How to Start Impatients Indoors
If you want to start Impatients during winter, here’s a good news: you can do it with a bit of skill and even with limited resources. The easiest way to do it is to take cuttings from a healthy and strong donor plant. Starting Impatients inside during the winter may be a great way to have fun with gardening even during cold months.
The first important thing to keep in mind is to bring the donor plant indoors while it’s still warm enough so it won’t freeze. You need a healthy and strong plant for the cuttings. Bring the donor plant indoors at an appropriate time and get ready to start new Impatients.
What You’ll Need
Here are some essential materials and items you’ll need:
- Donor plant. It has to be mature, strong, and healthy.
- Potting soil
- Perlite, vermiculite or sand
- Scissors, knife or a box cutter
- Rooting hormone
- Plastic 4 or 6 packs
Prepare a clean working area and get some time and patience for the job. The whole thing can be done in several easy steps.
Taking the Cuttings
The first step is to take your cuttings from a mature plant. Take a look at the donor plant and select appropriate branches. They have to be about 2 to 3 inches long. It’s best to take cuttings above a leaf. This way, it will eventually grow to form a new branch.
To take a cutting, use a sharp knife or scissors. Carefully, remove a branch and move to the next one. Continue with this until you have enough cuttings (or the donor plant doesn’t have any more good ones you can use). If you don’t want to plant the cuttings right away, make sure to keep them somewhere where they won’t dry out.
The next step is to prune the cuttings. You should remove all of the lower leaves, all of the buds and possible blooms. What you should leave is 2-3 leaves at the tip of the cutting. Also, watch for the size. If a leaf is bigger than a dime, it’s best to cut off half of it. Why is this important? For the first couple of weeks there are no roots so a new plant can’t really support much top growth.
The next step is to plant the cuttings. Take the 4 (or 6) packs with some good rooting material. You may use perlite, vermiculite or sand. Keep in mind that sand may harbor bacteria, which is not helpful for the new cuttings.
When planting, make a hole into the perlite using a pencil but don’t remove it. After this, dip the cut end of a cutting into water and after this into the rooting hormone powder. Place the powdered end of the cutting next to the pencil. Slowly, remove the pencil and insert the cutting into the hole that pencil has made. Another thing to go is to simply position the cutting in the middle of the cell and fill around with Perlite.
Whatever you choose to do, be gentle. Remember: Impatients tend to be delicate so you have to make sure you don’t snap the stem or crush the cuttings.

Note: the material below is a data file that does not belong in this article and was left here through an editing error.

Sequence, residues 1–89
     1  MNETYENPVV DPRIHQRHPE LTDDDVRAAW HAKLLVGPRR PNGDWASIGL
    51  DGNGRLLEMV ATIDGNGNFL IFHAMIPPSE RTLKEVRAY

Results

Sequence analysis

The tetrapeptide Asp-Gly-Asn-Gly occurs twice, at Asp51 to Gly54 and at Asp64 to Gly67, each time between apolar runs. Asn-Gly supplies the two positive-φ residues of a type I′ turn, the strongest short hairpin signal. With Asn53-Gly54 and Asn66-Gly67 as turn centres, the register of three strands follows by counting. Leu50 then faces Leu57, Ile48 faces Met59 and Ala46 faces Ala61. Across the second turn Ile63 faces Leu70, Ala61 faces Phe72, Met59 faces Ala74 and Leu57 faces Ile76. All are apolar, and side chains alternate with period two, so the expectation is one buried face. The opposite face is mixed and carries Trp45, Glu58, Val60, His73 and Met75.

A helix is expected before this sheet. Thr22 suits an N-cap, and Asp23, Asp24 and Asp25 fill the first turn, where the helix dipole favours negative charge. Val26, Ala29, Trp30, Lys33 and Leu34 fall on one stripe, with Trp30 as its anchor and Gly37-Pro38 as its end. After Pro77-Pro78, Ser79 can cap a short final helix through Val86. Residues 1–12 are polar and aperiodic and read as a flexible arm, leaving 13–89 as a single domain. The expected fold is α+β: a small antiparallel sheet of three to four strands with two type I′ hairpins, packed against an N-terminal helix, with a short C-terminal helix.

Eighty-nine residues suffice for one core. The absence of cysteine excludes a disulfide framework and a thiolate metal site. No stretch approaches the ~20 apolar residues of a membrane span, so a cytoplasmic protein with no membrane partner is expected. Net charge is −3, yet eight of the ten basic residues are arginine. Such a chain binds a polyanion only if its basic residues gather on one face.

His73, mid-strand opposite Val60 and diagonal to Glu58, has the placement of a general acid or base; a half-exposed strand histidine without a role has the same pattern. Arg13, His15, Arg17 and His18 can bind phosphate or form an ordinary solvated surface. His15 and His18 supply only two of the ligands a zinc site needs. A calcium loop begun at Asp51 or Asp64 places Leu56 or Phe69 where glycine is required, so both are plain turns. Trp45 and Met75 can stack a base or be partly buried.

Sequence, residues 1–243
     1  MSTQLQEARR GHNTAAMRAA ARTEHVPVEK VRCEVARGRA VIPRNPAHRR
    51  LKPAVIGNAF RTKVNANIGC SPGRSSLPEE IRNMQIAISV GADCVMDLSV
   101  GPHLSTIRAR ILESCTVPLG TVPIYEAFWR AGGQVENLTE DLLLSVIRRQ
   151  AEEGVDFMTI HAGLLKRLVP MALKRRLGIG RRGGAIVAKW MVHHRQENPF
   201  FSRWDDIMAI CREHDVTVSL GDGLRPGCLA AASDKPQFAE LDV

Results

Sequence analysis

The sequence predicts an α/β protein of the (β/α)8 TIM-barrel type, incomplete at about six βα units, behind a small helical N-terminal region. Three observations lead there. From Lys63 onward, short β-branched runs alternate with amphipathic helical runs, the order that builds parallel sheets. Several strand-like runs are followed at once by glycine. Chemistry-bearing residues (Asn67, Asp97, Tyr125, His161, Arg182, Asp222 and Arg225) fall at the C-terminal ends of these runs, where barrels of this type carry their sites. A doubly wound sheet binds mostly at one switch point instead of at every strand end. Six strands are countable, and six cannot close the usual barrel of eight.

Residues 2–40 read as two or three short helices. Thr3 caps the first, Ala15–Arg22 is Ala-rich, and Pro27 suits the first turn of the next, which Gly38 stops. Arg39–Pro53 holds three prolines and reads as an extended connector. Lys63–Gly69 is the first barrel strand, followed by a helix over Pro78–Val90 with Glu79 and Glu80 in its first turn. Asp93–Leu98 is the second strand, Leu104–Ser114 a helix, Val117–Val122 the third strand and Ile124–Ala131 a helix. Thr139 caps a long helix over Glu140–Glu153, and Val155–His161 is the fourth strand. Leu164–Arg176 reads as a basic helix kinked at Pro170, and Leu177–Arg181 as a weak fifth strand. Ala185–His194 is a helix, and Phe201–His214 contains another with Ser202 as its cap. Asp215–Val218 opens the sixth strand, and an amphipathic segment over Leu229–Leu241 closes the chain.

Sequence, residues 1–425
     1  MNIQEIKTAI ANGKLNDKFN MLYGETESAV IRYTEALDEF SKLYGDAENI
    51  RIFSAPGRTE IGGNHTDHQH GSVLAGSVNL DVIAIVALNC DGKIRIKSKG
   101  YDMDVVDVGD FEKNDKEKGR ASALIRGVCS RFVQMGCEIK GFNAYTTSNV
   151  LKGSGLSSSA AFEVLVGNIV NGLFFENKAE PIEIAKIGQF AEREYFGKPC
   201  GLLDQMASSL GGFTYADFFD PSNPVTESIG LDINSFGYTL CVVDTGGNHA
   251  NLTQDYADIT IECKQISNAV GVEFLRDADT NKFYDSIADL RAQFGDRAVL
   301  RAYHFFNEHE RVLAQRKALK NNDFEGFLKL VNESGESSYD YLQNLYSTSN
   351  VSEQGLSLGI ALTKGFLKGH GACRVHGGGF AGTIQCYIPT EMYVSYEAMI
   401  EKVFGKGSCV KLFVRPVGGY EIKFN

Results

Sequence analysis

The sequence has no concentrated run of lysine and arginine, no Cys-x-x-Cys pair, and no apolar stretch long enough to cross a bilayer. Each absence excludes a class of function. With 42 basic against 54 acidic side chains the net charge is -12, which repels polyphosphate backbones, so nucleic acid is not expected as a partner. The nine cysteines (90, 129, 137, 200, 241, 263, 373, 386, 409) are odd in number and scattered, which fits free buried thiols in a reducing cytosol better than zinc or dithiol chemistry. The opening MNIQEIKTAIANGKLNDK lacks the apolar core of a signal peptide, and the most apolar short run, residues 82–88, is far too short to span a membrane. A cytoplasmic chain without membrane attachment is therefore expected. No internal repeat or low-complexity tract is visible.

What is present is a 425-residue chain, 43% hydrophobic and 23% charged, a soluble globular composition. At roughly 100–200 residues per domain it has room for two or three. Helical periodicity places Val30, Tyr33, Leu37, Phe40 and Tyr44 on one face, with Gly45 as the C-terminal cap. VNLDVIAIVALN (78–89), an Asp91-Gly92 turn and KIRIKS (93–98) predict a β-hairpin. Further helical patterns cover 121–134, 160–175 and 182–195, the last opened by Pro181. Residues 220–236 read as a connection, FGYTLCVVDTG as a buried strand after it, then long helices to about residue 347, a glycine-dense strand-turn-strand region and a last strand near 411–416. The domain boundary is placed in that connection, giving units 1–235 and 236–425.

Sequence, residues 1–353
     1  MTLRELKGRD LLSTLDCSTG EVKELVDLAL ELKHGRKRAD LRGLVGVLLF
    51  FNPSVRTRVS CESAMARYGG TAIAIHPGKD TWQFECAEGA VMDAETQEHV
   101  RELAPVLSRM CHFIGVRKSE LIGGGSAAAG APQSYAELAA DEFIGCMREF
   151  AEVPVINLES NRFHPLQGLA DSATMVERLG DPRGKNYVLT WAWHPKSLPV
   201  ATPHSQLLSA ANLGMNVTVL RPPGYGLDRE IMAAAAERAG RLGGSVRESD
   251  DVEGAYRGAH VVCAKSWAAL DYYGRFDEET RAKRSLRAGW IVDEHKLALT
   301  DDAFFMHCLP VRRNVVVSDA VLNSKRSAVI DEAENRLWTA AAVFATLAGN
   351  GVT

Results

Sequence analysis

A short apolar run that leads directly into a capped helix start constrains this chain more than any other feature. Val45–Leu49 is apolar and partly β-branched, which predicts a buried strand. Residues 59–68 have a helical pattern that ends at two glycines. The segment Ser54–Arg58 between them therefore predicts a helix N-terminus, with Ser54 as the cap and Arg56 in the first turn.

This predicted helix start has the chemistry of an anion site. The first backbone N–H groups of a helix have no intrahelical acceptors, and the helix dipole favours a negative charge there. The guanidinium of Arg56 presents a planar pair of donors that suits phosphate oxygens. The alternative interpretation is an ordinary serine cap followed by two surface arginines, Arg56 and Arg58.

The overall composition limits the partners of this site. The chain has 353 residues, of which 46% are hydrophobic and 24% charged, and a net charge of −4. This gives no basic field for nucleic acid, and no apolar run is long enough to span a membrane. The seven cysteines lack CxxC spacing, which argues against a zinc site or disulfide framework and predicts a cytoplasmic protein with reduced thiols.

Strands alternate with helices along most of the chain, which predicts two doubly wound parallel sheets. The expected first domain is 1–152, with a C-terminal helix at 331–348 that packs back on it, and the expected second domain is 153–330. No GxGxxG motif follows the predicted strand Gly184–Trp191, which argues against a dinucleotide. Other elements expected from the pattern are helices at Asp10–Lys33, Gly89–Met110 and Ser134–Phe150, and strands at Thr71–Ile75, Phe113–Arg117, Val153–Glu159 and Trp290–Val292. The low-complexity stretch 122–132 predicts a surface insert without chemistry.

Fill your 6-packs with your soil-less rooting material. I use Perlite. Sand is OK but may harbor bacteria that might harm your starts. Work the pencil into the Perlite in a cell. Dip the cut end of a cutting into water and then into the rooting powder. Position the powdered end of the cutting next to the pencil, right where it meets the Perlite. As you remove the pencil, insert the cutting into the space where the pencil was. Or you could just position the cutting in the middle of the cell and fill in around it with Perlite. Be gentle. Impatiens are fairly delicate and you can crush or snap the stem.
After planting, make sure to water your cuttings. Continue with this practice in the following days. Some people choose to put the cuttings under fluorescent lights. These are good because they provide a lot of light but not much heat.
One word of warning: the cuttings will look bad for the fist week or so. Their leaves will have to work hard to support new root growth. Don’t worry: they will get better.
The next step will happen 2 to 3 weeks after planting. This is when the cuttings are ready to be transplanted in the potting soil. Fill the 4 or 6 pack cells with soil about 1/2 way up. When transplanting, make sure to never pull on the cuttings from the cells. Instead, tip the 6 pack gently to shake the cutting out.
By this time, cuttings should have a good root growth. You can gently tap the root ball to remove loose perlite. Carefully, place the cutting in a cell and then fill the cell with soil. Once the 6 pack is full, put it in a container of water so it can absorb the moisture. Also, it will settle the soil around the roots.
This is how you start your Impatients. After transplanting, you should take a good care of them. They will thrive under fluorescent lights. If you take cuttings early in the fall you might be able to make new cuttings out of those pretty soon. This will allow you to stay on a tight propagation schedule. You can easily get a few dozens of plants from just one you brought inside after the growing season.
Another thing you can do is to ask for a friend who has Impatients of a color you like for help. Take a cutting from one of the plants and moisten it. Take it home in a plastic bag and make sure to keep it away from direct sunlight or extreme heat or cold before you can plant it. This way, you will be able to start Impatients in the color you like.